Federal Reserve Chairman Ben S. Bernanke said gauges of the U.S. economy’s strength may fail to measure the suffering of individual citizens.
“Even though some key aggregate metrics -- including consumer spending, disposable income, household net worth, and debt service payments -- have moved in the direction of recovery, it is clear that many individuals and households continue to struggle with difficult economic and financial conditions,” Bernanke said today in remarks prepared for a conference in Cambridge, Massachusetts.
The Federal Open Market Committee said on Aug. 1 it will pump fresh stimulus if necessary into the weakening economic expansion to boost growth and reduce an unemployment rate that’s been stuck at 8 percent or higher for more than three years.
Bernanke didn’t address the outlook for monetary policy or the economy, or expand on the Fed’s Aug. 1 statement. His remarks, focused on economic measurement, will be delivered via prerecorded video.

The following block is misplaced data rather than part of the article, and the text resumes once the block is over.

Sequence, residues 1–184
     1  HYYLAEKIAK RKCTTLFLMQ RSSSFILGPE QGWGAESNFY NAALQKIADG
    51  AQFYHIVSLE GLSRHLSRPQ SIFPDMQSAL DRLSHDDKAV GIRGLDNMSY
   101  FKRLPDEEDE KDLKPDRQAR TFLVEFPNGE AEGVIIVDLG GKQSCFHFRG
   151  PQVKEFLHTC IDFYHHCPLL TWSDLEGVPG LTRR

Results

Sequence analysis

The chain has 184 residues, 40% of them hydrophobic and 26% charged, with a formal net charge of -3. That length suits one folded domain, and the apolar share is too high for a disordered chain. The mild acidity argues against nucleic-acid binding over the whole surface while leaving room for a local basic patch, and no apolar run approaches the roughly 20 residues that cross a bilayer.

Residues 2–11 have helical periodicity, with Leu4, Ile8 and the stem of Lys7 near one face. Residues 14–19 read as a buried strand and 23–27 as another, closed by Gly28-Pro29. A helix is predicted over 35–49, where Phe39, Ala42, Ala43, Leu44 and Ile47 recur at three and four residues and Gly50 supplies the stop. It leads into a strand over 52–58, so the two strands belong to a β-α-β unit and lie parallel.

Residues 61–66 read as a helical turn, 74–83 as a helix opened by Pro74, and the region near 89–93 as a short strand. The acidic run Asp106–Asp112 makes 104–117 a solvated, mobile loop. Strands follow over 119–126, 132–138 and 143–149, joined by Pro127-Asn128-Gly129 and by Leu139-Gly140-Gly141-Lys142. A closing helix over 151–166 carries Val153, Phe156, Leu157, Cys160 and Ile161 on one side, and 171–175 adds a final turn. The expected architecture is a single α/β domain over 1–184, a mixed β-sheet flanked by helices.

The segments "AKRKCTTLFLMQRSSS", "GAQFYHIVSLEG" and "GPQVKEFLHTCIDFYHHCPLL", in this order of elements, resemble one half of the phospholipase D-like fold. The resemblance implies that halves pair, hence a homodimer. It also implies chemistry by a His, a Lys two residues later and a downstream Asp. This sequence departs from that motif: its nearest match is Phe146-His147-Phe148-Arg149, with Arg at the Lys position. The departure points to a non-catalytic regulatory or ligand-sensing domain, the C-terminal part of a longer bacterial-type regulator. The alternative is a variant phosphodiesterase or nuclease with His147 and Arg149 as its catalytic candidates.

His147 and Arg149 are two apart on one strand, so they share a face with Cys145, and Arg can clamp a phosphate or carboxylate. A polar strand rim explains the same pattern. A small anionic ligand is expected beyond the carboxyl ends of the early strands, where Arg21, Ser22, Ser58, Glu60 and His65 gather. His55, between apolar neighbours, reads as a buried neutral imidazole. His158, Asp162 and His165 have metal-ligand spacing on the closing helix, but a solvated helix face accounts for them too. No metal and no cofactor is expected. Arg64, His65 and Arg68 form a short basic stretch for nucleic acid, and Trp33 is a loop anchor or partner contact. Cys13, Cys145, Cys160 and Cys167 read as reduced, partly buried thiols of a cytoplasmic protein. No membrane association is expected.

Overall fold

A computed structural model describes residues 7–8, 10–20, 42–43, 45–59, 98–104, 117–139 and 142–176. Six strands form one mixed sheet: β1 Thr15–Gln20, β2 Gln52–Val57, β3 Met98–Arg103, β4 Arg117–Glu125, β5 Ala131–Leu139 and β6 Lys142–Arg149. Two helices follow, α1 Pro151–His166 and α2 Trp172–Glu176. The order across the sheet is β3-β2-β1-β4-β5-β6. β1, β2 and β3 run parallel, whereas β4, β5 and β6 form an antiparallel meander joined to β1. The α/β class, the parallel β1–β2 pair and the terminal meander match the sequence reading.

The 58-year-old Fed chief, a former Princeton professor, said economists should “increase the attention paid to microeconomic data, which better capture the diversity of experience across households and firms.” Also, researchers should “seek better and more-direct measurements of economic well-being, the ultimate objective of our policy decisions.”
He said interesting projects include the Organization for Economic Co-operation and Development’s Better Life Initiative, which aims at measuring quality of life in different countries, and the Gross National Happiness index compiled by Bhutan.
Such gauges “incorporate elements such as psychological wellness, the level of education, physical health and safety, community vitality and the strength of family and social ties, and time spent in leisure activities,” he said.